Anthony Fauci will step down from his positions as the Director of the NIAID and Biden’s Chief Medical Advisor in December, just before a potential Republican Congress could investigate him.
In a statement posted on the National Institute of Allergy and Infectious Disease’s website, Fauci said he would be leaving the positions, along with his role as Chief of the NIAID Laboratory of Immunoregulation, in order to “pursue the next chapter” of his career.
Fauci, who has worked for the government since 1968, was responsible for tackling epidemics, such as the HIV/AIDS crisis among mostly homosexual men in the 1980s.
He announced that would be planning to use his experience as the NIAID Director “to continue to advance science and public health and to inspire and mentor the next generation of scientific leaders as they help prepare the world to face future infectious disease threats,” adding that over the coming months he would help prepare a “leadership transition.”
Thanking “the power of science,” he confirmed that he would continue the fight against “deadly diseases” around the globe.
Unsurprisingly, conservatives celebrated his announced resignation, with congressional candidate and current Florida State Representative Anthony Sabatini adding that he should “spend the rest of his life rotting away in a Federal Prison.”
The legacy of Dr. Fauci will forever be a grandparent dying alone in a hospital room while he does another photoshoot for a magazine cover.
— Greg Price (@greg_price11) August 22, 2022
Fauci should spend the rest of his life rotting away in a Federal Prison
— Rep. Anthony Sabatini (@AnthonySabatini) August 22, 2022
Fauci, the highest paid government employee in history, had previously announced that he would step down after the end of Joe Biden’s current term in office, but it seems his decision to leave may have been fast-tracked due to the possibility of Republicans investigating him if they take the House in the November midterms.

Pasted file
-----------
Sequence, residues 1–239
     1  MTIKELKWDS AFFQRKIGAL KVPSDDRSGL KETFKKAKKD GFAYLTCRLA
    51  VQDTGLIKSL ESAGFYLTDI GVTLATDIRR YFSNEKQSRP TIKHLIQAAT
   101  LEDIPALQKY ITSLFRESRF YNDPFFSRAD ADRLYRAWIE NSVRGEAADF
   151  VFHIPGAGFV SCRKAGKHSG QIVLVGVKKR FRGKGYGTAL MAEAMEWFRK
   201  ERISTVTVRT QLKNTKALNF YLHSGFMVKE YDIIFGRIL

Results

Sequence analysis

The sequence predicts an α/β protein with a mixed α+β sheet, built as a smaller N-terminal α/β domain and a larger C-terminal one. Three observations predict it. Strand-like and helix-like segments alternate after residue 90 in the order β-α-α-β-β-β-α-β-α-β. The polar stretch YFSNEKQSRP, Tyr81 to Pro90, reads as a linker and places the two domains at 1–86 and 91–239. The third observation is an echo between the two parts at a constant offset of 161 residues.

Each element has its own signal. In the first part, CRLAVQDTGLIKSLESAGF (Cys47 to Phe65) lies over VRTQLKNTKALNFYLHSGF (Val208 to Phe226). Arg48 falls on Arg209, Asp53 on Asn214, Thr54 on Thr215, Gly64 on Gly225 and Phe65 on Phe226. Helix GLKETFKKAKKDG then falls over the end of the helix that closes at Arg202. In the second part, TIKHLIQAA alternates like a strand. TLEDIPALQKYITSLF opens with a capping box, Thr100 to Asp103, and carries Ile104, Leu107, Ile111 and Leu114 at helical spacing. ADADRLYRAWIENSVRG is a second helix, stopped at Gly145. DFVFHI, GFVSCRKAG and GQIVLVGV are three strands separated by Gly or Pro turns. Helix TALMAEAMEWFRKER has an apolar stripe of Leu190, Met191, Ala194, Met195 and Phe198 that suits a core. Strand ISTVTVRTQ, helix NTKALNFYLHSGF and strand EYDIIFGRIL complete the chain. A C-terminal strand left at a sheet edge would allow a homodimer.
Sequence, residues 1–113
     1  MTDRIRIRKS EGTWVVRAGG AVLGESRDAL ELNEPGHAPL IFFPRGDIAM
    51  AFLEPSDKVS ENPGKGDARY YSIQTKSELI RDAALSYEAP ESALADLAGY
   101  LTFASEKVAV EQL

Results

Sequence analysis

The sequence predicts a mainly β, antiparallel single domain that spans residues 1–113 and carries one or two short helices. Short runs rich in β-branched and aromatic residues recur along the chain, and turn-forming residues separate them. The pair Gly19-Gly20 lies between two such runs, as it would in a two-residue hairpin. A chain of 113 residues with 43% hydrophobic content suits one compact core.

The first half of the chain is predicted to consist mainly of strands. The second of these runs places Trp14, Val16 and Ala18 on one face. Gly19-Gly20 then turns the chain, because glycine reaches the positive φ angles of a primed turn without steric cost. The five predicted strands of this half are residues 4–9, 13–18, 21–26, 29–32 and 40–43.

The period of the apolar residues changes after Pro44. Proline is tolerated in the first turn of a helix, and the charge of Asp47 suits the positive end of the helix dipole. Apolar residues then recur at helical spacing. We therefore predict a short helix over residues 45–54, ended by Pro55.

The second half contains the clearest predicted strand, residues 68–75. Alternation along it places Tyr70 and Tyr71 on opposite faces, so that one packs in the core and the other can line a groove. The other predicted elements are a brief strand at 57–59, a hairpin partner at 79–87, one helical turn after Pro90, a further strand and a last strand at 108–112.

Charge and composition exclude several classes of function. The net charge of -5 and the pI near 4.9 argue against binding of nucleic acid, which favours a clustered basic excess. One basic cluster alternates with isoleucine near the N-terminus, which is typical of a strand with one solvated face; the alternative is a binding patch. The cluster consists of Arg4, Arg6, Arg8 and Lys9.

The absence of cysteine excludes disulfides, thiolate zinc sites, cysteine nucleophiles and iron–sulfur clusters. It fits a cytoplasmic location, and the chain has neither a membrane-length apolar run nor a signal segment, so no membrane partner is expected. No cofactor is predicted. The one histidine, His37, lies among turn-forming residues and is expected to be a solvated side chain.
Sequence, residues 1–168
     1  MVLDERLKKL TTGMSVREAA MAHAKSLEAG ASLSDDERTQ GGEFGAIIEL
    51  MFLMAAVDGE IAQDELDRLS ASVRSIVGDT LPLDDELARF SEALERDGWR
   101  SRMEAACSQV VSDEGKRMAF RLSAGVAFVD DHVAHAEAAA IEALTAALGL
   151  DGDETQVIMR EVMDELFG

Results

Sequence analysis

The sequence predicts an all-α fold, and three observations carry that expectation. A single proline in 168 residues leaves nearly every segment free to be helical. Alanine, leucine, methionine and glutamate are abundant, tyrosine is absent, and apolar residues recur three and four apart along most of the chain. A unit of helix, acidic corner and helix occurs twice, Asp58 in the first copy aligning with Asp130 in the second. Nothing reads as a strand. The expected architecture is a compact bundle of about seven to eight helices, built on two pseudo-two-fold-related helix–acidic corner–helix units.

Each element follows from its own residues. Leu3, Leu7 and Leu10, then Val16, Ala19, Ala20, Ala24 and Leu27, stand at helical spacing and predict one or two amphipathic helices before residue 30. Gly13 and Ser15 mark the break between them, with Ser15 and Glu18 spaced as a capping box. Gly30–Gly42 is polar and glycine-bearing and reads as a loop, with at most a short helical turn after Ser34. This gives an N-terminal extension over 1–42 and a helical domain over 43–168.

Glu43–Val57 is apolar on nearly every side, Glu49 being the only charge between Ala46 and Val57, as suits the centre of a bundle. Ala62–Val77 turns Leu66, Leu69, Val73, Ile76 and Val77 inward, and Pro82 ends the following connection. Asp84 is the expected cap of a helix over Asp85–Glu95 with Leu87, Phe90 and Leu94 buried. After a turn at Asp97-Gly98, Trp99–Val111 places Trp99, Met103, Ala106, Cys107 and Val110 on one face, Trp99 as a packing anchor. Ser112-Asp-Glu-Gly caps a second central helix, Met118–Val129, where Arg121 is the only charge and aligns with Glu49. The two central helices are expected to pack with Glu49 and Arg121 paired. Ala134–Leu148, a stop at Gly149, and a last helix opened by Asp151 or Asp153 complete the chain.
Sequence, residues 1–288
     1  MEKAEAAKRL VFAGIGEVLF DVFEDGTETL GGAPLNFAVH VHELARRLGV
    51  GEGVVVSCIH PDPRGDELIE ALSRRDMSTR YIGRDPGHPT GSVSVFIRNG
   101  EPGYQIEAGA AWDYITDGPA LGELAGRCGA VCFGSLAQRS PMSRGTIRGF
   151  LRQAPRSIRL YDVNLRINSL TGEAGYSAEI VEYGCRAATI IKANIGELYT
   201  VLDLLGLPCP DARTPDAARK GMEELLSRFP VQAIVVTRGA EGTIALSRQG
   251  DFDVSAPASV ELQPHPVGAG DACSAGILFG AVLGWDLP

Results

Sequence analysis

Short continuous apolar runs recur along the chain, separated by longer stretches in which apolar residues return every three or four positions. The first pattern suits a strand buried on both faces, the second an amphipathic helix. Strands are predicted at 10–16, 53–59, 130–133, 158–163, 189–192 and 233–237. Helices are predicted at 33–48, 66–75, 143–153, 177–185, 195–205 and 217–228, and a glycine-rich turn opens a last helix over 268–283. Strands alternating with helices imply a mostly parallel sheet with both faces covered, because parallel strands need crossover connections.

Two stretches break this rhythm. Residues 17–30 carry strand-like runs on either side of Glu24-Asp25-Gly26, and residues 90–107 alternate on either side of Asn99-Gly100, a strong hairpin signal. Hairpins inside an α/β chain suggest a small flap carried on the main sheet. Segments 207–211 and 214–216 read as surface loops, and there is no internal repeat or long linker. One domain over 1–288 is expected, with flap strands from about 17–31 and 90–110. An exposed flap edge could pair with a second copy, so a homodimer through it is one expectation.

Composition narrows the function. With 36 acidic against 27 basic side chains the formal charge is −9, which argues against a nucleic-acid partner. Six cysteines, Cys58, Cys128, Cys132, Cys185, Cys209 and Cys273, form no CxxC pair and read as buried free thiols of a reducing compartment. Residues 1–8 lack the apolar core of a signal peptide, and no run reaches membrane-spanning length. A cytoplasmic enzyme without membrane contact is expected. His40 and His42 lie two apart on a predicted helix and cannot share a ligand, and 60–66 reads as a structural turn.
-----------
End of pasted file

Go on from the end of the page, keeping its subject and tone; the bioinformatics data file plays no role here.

“They’re going to try and come after me, anyway. I mean, probably less so if I’m not in the job,” he told Politico in July, but insisted that he wouldn’t be a “consideration” in his career decision.
Speaking to CNN on Monday, Dr Jonathan Reiner commented that the “concept of [testifying in front of a Republican-controlled House] has to be very, very unappealing for him.”
.@JReinerMD admits Dr. Fauci is quitting after Republicans said he can expect being investigated if they take Congress.
Dr. Reiner also says AIDS activists now think Fauci handled crisis well. pic.twitter.com/5IOXLULWxO
— Tom Elliott (@tomselliott) August 22, 2022
Rep. Andy Biggs of Arizona, known as a strident supporter of 45th President Donald Trump in Congress, said that Fauci’s resignation was “conveniently” timed to avoid being held accountable “for destroying our country over these past three years,” labelling him a “coward.”
“Make no mistake, my colleagues and I will hold Dr Fauci accountable whether or not he remains in public office,” Biggs added.
Make no mistake, my colleagues and I will hold Dr. Fauci accountable whether or not he remains in public office. https://t.co/gi6Lx0SnbQ
— Rep Andy Biggs (@RepAndyBiggsAZ) August 22, 2022
Speaking to the Washington Post on the news of his retirement, Fauci claimed that there was “nothing” in his career that he could not defend. “I can respect disagreement, but there’s a big difference between disagreement and investigating somebody for doing something terrible.”
He argued that he was portrayed as the “villain” by people who did not want “someone who was steady and honest and showed integrity and stuck with the facts.”